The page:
This sighting of “my buck” was bittersweet since it wasn’t an ideal opportunity to harvest him but it was still nice to see him. Around 9:15 a.m. a flock of Hens and Polts passed through and I left the blind around 11:00 a.m., due to being scheduled at work throughout the afternoon until dark.
Friday Nov. 8 at 7:30 a.m.: I posted a picture to Facebook of two deer in my field as I left for work. I wistfully commented regarding the need for more flexibility at work, wishing I could stay at home and hunt all day.
Saturday Nov. 9: Nick (my boyfriend) and I headed to the blind early and hunted all morning, despite the 25 mph winds. At about 10:30am, I could see he was beginning to get antsy, as he commented that he wanted to come in for food and to get out of the wind. Once inside, we saw a large bodied 10 point buck making his way down the field across the street. We watched out the window of the house with frustration growing, as he crossed the road and continued down the field that we had just walked in on. We had a family gathering to attend in the afternoon making it impossible to hunt that evening.
Sunday Nov. 10: I hunted in the morning and saw nothing. During the evening, I sat in the ground blind and saw a small doe and a 6 point buck come out on other side of the field. I let out 3 short grunts and the 6 pt came trotting in as I shot video. I also had two very nice sized Tom’s come through the field at 4:17pm at 60 yards, which is out of range for my bow.
Monday Nov. 11: All day work day.
Tuesday Nov. 12: I commuted to my second job in the a.m. and rushed home to hunt the last two hours of the day. Through my binoculars, I spotted 17 deer across the road in their recently cut rear corn field. I had a doe and fawn in my lower pasture when I walked in at dark.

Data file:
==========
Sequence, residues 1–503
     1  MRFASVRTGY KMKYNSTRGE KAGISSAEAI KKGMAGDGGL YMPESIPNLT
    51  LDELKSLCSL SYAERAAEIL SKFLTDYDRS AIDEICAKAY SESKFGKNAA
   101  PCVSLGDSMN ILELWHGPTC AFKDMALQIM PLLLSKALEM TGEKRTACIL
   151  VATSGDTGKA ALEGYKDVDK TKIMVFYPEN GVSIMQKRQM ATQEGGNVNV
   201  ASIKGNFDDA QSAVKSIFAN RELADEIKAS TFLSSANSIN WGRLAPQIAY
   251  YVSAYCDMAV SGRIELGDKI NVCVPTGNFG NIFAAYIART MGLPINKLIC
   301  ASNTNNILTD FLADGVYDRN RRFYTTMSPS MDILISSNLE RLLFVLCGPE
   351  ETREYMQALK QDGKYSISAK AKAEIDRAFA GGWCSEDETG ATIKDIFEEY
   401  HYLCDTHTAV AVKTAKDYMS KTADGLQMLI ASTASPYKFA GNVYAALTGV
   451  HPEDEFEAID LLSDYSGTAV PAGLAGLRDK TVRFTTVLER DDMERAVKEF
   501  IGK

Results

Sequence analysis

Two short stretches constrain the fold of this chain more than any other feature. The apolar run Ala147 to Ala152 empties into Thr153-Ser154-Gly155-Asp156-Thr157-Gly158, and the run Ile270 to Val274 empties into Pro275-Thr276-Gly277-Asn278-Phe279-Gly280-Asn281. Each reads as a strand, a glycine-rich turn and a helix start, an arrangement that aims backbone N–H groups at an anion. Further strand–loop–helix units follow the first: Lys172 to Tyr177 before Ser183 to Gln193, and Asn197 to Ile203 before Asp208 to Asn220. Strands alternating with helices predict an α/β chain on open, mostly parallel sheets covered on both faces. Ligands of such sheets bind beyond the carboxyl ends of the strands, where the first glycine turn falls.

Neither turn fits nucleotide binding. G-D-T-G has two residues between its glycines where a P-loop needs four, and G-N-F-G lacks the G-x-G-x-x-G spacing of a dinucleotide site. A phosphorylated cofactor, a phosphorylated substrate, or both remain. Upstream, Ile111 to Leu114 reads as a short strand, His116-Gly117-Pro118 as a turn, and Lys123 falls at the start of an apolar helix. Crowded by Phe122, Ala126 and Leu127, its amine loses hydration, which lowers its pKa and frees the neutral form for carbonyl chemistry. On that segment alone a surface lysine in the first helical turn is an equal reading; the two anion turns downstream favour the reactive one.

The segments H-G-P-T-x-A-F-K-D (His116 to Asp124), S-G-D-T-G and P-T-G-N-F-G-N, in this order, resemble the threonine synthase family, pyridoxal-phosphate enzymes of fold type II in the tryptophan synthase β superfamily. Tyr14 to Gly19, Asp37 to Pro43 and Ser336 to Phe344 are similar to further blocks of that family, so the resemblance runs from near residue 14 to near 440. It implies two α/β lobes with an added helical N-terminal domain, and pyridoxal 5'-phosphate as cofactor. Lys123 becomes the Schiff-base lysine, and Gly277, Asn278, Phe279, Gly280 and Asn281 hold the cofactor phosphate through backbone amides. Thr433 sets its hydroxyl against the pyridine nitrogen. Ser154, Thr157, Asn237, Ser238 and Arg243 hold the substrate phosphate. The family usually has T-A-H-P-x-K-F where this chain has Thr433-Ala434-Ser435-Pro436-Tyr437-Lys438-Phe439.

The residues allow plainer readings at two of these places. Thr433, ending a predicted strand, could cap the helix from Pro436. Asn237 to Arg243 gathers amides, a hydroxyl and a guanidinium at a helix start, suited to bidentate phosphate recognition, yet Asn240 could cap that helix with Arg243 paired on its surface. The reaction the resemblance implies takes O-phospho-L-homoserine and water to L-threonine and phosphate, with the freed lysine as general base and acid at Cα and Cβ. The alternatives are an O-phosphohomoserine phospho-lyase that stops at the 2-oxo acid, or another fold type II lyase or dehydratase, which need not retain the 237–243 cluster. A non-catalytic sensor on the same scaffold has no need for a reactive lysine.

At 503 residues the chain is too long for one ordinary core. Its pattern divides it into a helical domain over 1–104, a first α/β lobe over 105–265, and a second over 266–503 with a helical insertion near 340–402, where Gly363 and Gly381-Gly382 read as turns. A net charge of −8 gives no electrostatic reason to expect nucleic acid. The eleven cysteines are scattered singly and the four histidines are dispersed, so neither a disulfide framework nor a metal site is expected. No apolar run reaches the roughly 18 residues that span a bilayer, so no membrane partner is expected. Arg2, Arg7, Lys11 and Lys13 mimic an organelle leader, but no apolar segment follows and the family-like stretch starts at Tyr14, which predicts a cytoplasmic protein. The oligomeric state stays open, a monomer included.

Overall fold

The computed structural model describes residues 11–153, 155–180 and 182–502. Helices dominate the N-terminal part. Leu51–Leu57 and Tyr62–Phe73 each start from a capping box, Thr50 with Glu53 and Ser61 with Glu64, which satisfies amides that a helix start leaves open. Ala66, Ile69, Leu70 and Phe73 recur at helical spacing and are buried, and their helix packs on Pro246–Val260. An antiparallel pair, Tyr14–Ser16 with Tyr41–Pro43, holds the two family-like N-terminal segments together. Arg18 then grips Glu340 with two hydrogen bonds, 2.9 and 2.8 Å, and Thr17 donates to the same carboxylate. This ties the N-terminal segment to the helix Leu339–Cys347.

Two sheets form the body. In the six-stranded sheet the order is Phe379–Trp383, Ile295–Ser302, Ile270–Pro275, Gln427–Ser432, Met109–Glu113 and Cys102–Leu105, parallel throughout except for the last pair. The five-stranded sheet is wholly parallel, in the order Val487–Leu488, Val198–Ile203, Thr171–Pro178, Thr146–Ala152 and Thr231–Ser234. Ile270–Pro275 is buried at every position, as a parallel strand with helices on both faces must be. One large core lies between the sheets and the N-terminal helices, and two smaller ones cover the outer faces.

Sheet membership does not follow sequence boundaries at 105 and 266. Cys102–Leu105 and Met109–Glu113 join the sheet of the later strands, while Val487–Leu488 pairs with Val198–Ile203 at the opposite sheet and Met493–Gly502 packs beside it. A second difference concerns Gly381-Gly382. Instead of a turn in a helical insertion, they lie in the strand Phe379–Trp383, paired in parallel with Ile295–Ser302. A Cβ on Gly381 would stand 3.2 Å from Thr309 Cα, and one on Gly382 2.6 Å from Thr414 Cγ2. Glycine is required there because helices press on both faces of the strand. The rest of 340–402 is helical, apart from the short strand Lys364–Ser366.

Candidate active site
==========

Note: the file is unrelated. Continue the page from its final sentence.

Wednesday Nov 13: All day work day
Thursday Nov. 14: I hunted in a.m. and spooked a doe/fawn near my riding arena on the way to my ground blind since I was late getting to the woods! I saw 8 deer across the street in the field however I didn’t see anything while in my blind from 6:45am to 10:45am. I had to leave for work at 11:30 a.m. and was in the office, frustrated for the remainder of the day.
Friday Nov. 15: All day work day but I took the time to schedule sighting in my rifle in my day planner and also wrote “shoot a big buck” in the agenda for Saturday.
Saturday, Nov 16: I went out in the a.m. and saw 8 Tom/Jake Turkeys in the field near my ground blind. Since I shot my first Turkey on my 25th birthday this fall, I considered taking a turkey with my bow as well. I nocked an arrow and attempted to attach my release to draw back, only to find that I had left my release at the house. Fortunately, I figured this out while eyeing up a Turkey instead of my buck! I quickly ran down to the house and retrieved my release.
On the way back out to my ground blind, I decided to quietly walk the woods instead of taking my usual route along the edge of the field. During my hike I found the remains of a large shed from the previous year, perhaps from the same deer I was currently pursuing. I hunted for a few more hours, with no sighting of “my buck” or any other deer for that matter! Discouraged, I returned to the house and pondered whether I wanted to go out for the evening hunt since the weather had become less than ideal.
Despite the wind and rain, I attentively watched out various windows of my house all afternoon, glassing for any sign of deer. Finally, after checking every 20-30 minutes from 12pm to 4pm, I sighted what I thought was several doe in the field across the road. I dressed quickly and ran out the door toward the barn for a better vantage point, armed with rattle bag, grunt call, doe bleat, binoculars, bow w/arrows, AND release. Once positioned next to the platform alongside my barn, I saw five doe, three fawns, and the buck I had been calling “Ace”. I gathered myself and mindfully created a plan. I started rattling and watched him lift his head, as he moved forward in my direction. After a few steps, he resumed his grazing. I rattled again and he lifted his head, proceeded in my direction and again, stopped. After four or five cycles of this cat and mouse game, he ignored my attempts before disappearing into the tall marsh grass. I lifted my binoculars searching for any glimpse of him in vain.